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  #1  
Old 05-31-2021, 03:07 AM
KayS KayS is offline
 
Join Date: Jul 2009
Location: lake constance
Posts: 404
Default how much dirt in our tanks is ok?

Hi Folks,

have no idea if there's a problem or not. fuel injected RV7 nearing 100 hours with standard tanks sealed with standard proseal and nothing else.

i religiously drain tanks as part of every preflight inspection. never found water, but anyway... what i find everytime is some dirt or debris in the drained fuel. what you see in the picture is the collected amount draining both tanks three or four times. when you look close there are some small dark pieces, some are more bright.

i have the airflow performance fuel pump spaghetti that contains a filter with a quite large filter area and a bypass valve.

i fuel the left tank with AVGAS from the airports pump for mainly takeoff and landing. the right tank gets premium grade fuel from the local gas station for cruise flight. when i fuel the tank from canisters i use a special fuel funnel with fine mesh filter.

is what you see ok or should something be done?

thank you very much in advance for your inputs.
Kay
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  #2  
Old 05-31-2021, 03:47 AM
Robin8er Robin8er is offline
 
Join Date: Sep 2015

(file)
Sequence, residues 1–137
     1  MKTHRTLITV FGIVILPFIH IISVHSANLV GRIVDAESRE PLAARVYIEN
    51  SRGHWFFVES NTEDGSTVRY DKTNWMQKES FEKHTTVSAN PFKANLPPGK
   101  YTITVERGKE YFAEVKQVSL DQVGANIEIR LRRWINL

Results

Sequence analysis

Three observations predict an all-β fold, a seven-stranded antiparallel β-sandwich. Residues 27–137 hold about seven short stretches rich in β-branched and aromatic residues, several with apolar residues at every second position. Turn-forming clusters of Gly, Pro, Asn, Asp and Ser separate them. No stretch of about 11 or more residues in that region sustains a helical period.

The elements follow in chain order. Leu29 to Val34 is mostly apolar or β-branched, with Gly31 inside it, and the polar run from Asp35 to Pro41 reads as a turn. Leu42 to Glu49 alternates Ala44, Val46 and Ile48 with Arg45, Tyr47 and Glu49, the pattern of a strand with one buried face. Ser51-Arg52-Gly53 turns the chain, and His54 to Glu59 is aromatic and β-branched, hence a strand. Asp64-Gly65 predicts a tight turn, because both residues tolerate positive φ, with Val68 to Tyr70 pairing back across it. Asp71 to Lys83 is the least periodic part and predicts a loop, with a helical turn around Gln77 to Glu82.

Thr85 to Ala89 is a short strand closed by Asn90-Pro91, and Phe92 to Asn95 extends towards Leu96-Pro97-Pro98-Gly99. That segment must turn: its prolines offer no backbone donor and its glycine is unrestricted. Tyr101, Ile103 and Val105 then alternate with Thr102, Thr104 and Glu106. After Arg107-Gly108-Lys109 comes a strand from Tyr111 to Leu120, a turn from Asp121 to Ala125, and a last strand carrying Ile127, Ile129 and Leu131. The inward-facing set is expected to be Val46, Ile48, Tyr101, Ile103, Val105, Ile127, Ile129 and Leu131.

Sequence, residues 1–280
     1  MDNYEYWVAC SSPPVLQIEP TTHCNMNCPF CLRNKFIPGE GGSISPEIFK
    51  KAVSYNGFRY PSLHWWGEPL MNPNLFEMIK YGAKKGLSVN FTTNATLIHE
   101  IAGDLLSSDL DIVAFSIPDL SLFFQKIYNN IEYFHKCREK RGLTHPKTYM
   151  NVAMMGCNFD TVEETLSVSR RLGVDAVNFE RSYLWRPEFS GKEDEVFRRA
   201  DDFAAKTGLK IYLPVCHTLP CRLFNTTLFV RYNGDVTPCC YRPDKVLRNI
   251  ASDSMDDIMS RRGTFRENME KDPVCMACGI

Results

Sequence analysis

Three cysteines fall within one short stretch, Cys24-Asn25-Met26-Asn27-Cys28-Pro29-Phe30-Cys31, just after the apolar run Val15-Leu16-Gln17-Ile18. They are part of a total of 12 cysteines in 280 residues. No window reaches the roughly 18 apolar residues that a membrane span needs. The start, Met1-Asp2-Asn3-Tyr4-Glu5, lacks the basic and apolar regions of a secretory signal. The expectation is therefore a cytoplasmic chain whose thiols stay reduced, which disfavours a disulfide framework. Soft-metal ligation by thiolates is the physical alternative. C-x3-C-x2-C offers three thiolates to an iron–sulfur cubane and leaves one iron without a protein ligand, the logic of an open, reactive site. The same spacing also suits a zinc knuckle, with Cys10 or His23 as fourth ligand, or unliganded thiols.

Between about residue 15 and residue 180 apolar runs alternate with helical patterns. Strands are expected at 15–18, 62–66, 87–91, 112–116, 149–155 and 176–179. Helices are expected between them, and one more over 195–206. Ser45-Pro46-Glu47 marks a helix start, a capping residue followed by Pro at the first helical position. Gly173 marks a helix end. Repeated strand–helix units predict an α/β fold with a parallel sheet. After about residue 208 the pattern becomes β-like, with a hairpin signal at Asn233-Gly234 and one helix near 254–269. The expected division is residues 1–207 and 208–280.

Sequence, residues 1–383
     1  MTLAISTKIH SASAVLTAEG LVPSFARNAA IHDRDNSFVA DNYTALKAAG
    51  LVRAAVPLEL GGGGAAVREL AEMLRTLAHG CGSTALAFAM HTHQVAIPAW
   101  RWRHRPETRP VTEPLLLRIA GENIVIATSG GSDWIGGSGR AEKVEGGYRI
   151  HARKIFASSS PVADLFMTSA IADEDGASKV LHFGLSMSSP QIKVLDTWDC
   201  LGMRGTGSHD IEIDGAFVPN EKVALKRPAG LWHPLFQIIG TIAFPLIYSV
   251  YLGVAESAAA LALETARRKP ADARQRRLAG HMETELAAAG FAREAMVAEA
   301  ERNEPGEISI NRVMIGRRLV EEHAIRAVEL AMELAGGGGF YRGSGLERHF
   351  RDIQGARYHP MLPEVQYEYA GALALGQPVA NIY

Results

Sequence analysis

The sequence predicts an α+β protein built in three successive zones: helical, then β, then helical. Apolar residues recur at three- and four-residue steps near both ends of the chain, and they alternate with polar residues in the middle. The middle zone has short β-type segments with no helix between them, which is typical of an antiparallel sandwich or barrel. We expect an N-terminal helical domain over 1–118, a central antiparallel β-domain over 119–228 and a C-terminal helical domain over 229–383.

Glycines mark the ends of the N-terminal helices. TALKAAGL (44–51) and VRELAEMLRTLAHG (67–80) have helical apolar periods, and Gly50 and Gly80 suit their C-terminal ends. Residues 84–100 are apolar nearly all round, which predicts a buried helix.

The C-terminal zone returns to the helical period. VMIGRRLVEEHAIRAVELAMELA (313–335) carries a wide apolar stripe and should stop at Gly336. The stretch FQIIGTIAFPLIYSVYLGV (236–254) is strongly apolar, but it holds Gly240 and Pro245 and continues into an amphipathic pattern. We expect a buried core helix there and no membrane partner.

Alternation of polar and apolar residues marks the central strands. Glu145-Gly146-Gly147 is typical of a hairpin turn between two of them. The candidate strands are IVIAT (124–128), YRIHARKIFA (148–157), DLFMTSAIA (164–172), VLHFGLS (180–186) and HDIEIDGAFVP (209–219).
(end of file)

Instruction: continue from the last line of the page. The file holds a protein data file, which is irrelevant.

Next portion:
Location: Socal
Posts: 524
Default

Looks like proseal and possibly bits if aluminum from the build. Keep sumping until it's clean before each flight. It will take a while to get it all out. I might even consider unscewing the drain for a few seconds after the plane has been sitting for a few hours. Ideally you'd be getting less debris the more you sump it.

Check your fueling point to see if the nozzle is suspectable to getting dirty. If it is, you need to find a way to ensure it is clean before refueling. Some airports do a better job than others.

If you have a fine filter on the fuel system, make sure you check it. Good chance it's been catching alot of debris.
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  #3  
Old 05-31-2021, 04:18 AM
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plehrke plehrke is offline
 
Join Date: Sep 2006
Location: Defiance, MO
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Maybe collect samples from each tank into separate jars to determine if the “dirt” is coming from the fuel or process of getting auto gas.
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  #4  
Old 05-31-2021, 05:54 AM
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rv8ch rv8ch is offline
 
Join Date: Feb 2005
Location: LSGY
Posts: 4,139
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I had stuff like this for several tanks when I started flying, and I'm about 99% sure it was left over crud from the build - even though I thought I really cleaned the tanks. It eventually cleaned itself out after having to remove the drains a few times due to the crud causing drips. Nothing ever got to my filter, it all stayed in the tank or out the drain. I have the very coarse screen fuel pickups in each tank.

If you don't see the amount of dirt or particles diminishing, then perhaps it is the fuel source.

For the avgas pumps, make sure that there is no dirt inside the nozzle before you stick it in the tank - this is not always easy, but thankfully the nozzle where I fuel mostly seems to leave a few milliliters in the nozzle, so I just point it down and some fuel comes out, cleaning the nozzle. Or use your special fuel funnel for the avgas as well. If it's like the one I have, it flows very well.
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  #5